Data Standardization

The past year has seen a new, intensive focus on data management and analysis emerge in a range of professional discussions and forums across the electric power sector. In solar asset management and performance, the need to develop standardized datasets, metrics and platforms for data communication has become a top priority.

With individual projects generating vast amounts of raw data, the current lack of standards raises obvious questions for asset managers. At the most basic level, what data should be collected? Then, when looking at certain datasets, how do you distill significant performance metrics so you can forecast potential problems and prevent lost generation? How, and how often, do you communicate such metrics across projects to more effectively manage a portfolio, or fleet, of utility-scale projects?

A key program in this area is the U.S. Department of Energy’s Orange Button initiative, a $4-million research effort aimed at creating cross-industry platforms for gathering and streamlining communication of key datasets. The goals of the initiative are to provide solar developers, utilities and other stakeholders with more robust, transparent data, which will, in turn, drive down costs and project risks, while improving performance and project financing. The initiative is still in its early stages; grants for four projects were announced last April.

The importance of this initiative and data issues in general is reflected in two conference workshops. Getting it Right the First Time will focus on the basics of data collection for improved project performance. Big Data: Little Orange Button will provide an update on the Orange Button initiative project, and a discussion with industry experts on how best to prepare and leverage project data to take advantage of emerging standards and communications platforms.

Onboarding and mastering the handoff

The conference session on onboarding — the process of handing off a project from one stage of development, or one O&M or other service provider, to another — is a direct result of discussions in SEPA’s asset management and performance working group.

Group members often describe the challenges of onboarding as trying to jump on a train already in motion. The central question, they say, is how do you get up to speed?

Just one example, in the past year, the use of unmanned aerial systems — drones — has gone from isolated experiments to an increasingly recognized tool for improving O&M efficiency. What if a project owner wants to change service providers to expand the use of these systems for project monitoring, or simply change O&M providers to incorporate aerial monitoring? What information or skills are needed for a smooth transfer?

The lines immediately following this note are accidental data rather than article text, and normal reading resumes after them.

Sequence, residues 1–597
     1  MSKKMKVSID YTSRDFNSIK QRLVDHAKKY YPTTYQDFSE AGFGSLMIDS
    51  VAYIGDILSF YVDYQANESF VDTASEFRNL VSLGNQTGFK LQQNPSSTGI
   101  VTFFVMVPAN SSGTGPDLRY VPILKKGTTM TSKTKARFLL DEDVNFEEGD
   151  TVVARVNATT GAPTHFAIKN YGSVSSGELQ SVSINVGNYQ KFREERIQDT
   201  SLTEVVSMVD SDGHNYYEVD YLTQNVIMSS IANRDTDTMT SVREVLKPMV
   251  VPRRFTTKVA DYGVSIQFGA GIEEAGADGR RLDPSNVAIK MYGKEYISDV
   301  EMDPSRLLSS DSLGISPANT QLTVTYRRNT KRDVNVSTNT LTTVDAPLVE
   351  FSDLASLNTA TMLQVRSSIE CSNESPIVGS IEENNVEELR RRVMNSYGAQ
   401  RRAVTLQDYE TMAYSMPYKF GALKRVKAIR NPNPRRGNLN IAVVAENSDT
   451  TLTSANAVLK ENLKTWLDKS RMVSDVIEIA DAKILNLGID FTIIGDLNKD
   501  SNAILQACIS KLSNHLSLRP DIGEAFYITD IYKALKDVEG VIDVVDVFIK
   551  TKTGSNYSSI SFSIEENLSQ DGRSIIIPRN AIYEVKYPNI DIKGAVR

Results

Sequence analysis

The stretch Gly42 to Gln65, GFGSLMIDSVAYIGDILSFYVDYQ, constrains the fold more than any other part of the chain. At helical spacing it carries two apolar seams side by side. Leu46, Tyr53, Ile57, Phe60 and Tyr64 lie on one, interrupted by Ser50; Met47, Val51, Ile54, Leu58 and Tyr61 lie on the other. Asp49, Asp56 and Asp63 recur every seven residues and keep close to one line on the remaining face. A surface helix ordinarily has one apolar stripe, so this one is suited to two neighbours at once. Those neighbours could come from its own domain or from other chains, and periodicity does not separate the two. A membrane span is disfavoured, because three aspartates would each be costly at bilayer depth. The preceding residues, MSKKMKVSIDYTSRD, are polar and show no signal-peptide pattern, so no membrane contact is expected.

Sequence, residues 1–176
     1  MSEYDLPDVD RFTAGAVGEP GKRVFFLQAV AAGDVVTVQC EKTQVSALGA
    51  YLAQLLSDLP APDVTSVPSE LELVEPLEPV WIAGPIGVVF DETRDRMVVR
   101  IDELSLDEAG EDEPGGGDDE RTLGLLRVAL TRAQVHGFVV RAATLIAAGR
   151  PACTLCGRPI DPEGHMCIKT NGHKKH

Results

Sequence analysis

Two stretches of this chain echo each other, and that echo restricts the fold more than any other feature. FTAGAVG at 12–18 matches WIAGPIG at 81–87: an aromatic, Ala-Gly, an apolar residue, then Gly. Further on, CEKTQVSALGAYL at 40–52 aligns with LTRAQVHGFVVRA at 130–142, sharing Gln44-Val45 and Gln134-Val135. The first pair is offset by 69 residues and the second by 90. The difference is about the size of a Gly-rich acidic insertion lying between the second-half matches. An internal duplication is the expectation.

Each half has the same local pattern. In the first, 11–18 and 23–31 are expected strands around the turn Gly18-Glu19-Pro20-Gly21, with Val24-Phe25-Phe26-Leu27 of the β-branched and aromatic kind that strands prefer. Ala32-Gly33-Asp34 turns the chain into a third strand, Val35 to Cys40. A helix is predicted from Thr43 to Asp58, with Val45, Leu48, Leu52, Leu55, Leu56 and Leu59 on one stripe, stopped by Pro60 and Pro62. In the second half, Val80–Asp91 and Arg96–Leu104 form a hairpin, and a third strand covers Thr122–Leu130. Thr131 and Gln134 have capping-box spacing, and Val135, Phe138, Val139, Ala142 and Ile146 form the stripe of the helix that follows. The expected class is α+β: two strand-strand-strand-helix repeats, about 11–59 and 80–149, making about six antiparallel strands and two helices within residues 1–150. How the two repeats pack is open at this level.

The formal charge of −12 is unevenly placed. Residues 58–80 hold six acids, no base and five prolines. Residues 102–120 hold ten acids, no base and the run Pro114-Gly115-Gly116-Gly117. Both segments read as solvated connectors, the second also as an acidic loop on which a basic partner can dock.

For example, while most O&M providers have a basic professional skill set — such as the North American Board of Certified Energy Practitioners (NABCEP) certification for solar installers — specific issues and needs may vary across individual projects or a fleet of projects.

The Mastering Handoffs session at the conference will feature a panel of experts who will detail their own checklist of most-often omitted details in onboarding efforts. For instance, individual installers may have different techniques for connecting wires — the electrical connection points — within a project, which can, in turn, raise safety issue if maintenance plans do not account for such a likelihood.

John Balfour, coauthor of the Asset Management and Performance Resource Guide, says the AMP conference has been particularly valuable for him because it is a smaller, more intimate event.

“You have the opportunity to get to meet the people that are speaking. You get the opportunity to ask questions,” he said. “People are a lot friendlier because they are not as much in a hurry to go from one place to another. . . . People will walk away with some real knowledge, not just a taste of it.”

Solar Power Asset Management & Performance, Jan 19-20 in San Diego, is especially targeted at front-line engineering, maintenance, and financial professionals responsible for asset management in the solar industry. The conference is designed to provide a range of tools and expertise to improve the performance of the systems and installations that generate solar power. Registration information is available here.
Daisy Chung is a research manager at SEPA. She can be reached at [email protected].